Money Laundering: EFCC stalls trial of Binance executives


Trial of Binance Holdings Ltd and its two executives could not proceed Thursday at the Federal high court, Abuja at the instance of the Economic and Financial Crimes Commission (EFCC).

The matter was scheduled for hearing but the anti-graft agency was yet to serve the charge and the proof of evidence on the defendants detained in prison.

It is trite in law that suspects in a criminal trial should be made aware of the charge against him and be given time to study it for his response.

Although the court ordered that the affected defendant, Tigran Gambaryan, should be personally served in court, the trial judge had to adjourn the case following a request by him (the defendant) for time to study the charge and the accompanying documents.

 BAR & BENCH WATCH reports that the EFCC had preferred a five-count charge against the crypto-currency firm and its top officials, Tigran Gambaryan and Nadeem Anjarwalla (now at large), as the first and third defendants, respectively.

They were alleged to have conspired to conceal the origin of the financial proceeds of their alleged unlawful activities in Nigeria, including $35,400,000.

The commission accused them of committing an offence contrary to section 21 (a) and punishable under Section 18(3) of the Money Laundering (Prevention and Prohibition) Act, 2022, among other things.

However, Mr Anjarwalla escaped from lawful custody on March 22 and fled Nigeria for Kenya before arraignment.

The defendants were arraigned on April 8 but pleaded not guilty to the counts.

Gambaryan was ordered to be remanded in Kuje prison custody.

Through his lawyer, Mark Mordi, he applied for bail on April 23, which the EFCC opposed and the ruling was fixed for May 17.

Meanwhile, when the matter was called on Thursday, Mr Iheanacho said the case was scheduled for trial commencement.

“The matter is for commencement of trial and we have two of our witnesses in court today, my lord,” Mr Iheanacho told the court.

But Tonye Krukrubo, counsel for Binance Ltd, objected to Mr Iheanacho’s submission.

Mr Krukrubo told the court that his client had not been served with the court documents.

“If we are here for trial, can my learned friend confirm if the first defendant has been served with any process?” he said.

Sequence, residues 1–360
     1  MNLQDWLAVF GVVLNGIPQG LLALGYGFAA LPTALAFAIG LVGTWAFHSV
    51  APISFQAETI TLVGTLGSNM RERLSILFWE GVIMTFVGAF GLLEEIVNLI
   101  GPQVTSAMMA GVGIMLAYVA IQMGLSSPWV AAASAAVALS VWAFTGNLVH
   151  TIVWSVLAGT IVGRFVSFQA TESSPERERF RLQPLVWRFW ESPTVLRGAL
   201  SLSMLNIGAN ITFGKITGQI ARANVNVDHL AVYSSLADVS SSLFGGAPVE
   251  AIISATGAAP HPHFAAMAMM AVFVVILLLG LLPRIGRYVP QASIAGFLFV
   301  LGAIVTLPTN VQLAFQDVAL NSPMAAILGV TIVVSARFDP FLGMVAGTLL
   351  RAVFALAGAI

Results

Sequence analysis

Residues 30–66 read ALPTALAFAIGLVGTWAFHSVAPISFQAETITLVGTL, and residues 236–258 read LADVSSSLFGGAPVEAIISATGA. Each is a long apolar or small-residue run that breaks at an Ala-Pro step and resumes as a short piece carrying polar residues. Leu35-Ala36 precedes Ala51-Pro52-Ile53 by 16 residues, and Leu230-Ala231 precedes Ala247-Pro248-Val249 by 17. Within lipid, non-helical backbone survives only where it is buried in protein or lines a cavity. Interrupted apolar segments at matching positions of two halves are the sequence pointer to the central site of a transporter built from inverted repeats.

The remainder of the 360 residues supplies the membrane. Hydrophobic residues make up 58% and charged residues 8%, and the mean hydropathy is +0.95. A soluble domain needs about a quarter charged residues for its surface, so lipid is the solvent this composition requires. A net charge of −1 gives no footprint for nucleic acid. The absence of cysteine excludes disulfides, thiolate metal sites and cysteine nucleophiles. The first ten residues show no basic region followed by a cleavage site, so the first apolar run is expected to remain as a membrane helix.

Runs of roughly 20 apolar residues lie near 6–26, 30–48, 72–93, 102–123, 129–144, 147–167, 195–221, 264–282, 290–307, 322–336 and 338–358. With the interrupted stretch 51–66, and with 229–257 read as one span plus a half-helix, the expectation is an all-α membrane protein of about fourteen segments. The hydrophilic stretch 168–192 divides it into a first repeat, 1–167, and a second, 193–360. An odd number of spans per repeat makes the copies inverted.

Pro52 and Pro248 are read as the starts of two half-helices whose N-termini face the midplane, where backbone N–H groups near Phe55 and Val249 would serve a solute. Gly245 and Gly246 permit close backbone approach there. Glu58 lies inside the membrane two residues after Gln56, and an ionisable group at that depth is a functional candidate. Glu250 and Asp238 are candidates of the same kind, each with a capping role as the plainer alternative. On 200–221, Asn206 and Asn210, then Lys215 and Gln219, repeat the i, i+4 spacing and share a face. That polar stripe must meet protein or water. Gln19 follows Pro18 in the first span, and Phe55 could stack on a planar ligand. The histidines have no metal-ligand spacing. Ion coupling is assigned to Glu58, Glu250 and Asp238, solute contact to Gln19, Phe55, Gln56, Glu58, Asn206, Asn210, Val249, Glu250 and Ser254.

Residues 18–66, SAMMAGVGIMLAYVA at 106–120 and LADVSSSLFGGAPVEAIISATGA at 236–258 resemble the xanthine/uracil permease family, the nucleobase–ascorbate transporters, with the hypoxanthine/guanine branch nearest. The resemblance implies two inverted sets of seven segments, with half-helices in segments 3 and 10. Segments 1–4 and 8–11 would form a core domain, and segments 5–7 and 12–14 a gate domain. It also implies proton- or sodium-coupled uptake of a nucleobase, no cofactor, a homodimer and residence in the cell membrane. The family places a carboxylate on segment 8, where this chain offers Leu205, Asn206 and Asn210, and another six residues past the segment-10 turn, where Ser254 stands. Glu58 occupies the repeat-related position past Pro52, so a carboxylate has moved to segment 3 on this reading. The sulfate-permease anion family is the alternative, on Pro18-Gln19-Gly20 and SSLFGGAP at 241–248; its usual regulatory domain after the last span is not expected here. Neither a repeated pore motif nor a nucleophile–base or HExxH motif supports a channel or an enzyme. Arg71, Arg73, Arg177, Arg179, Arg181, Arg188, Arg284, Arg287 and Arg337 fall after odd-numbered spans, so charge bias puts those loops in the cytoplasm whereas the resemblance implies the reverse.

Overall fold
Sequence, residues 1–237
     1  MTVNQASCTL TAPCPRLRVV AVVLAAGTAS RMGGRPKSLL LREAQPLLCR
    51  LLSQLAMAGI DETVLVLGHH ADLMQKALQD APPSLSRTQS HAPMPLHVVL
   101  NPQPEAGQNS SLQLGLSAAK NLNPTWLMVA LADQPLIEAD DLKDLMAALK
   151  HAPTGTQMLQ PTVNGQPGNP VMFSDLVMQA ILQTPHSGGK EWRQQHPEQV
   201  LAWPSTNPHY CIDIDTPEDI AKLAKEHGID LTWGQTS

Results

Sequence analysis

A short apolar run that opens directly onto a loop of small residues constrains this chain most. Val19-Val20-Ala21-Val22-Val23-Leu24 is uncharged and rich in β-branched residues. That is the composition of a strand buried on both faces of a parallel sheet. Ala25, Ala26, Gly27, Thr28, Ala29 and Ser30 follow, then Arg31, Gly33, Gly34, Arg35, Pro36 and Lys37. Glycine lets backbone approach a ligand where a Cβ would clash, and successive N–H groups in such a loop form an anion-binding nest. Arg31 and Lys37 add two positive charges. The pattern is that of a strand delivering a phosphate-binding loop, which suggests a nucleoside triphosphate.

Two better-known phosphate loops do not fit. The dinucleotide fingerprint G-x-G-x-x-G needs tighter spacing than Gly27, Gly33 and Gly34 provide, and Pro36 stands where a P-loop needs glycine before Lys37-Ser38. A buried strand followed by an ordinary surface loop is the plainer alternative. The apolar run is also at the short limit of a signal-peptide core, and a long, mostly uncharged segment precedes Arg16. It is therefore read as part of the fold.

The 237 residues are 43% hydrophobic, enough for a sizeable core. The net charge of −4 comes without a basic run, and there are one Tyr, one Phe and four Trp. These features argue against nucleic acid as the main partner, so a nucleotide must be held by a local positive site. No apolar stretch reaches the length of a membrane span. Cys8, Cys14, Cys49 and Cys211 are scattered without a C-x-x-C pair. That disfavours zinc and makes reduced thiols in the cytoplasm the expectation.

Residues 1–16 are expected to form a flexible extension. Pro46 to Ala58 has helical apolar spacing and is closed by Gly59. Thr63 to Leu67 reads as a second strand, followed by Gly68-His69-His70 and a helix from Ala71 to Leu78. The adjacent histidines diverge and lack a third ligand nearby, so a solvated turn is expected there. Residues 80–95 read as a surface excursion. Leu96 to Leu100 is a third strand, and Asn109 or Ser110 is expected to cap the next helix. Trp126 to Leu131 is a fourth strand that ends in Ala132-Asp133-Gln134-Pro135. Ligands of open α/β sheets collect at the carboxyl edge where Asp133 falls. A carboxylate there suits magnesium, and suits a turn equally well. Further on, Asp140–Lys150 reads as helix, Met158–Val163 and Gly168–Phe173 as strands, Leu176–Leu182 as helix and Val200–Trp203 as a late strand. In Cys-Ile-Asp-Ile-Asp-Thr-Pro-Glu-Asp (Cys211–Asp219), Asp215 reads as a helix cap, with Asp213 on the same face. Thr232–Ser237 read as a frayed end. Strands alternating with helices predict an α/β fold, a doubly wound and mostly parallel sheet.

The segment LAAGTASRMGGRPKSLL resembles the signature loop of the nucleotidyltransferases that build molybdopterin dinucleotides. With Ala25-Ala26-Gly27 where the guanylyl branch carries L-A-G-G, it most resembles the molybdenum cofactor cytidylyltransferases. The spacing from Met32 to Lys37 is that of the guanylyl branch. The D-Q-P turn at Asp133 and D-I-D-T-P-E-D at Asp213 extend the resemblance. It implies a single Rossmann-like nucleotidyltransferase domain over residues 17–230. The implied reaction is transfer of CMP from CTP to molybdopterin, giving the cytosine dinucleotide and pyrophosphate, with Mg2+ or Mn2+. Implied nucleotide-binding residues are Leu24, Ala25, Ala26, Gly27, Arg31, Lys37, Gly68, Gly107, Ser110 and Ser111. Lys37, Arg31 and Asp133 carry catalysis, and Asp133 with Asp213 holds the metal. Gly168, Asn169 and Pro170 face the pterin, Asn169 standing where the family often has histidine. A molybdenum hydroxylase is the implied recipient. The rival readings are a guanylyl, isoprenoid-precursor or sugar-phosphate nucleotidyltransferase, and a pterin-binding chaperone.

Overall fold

The EFCC lawyer responded that all the defendants, including the first defendant (Binance), had been duly served and that additional proof of evidence was served on the first defendant through the second defendant (Mr Gambaryan) in accordance with the law.

But Mr Krukrubo insisted that he had not been served.

He said a suspect facing criminal proceedings should be afforded the opportunity to defend himself.

Mr Iheanacho, on his part, restated that the company was served through Mr Gambaryan, its agent in Nigeria.

He said the proof of service could be confirmed in the court record.

However, the proof of service could not be found in the court record when the judge directed the registrar to look through the file.

The judge then summoned the bailiff to give an account of the service of the documents.

The bailiff explained that on April 30, he was at Kuje Prison to effect the service of the documents on Binance through Mr Gambaryan, but he was not allowed to see him.

He said all efforts made were unsuccessful.

The bailiff told the court that the documents were still in his care.

The judge then ordered Mr Iheanacho to serve Mr Krukrubo with the extra copy of the documents in his possession in the open court.

Mr Krukrubo applied for an adjournment to study the documents before the trial commences.

The judge, who adjourned the matter until May 17 for trial commencement, advised EFCC to be diligent in the trial.

“It behoves on you, as prosecution, to do all within your power in the trial because I am not going to entertain any delay in this trial again,” the judge said.

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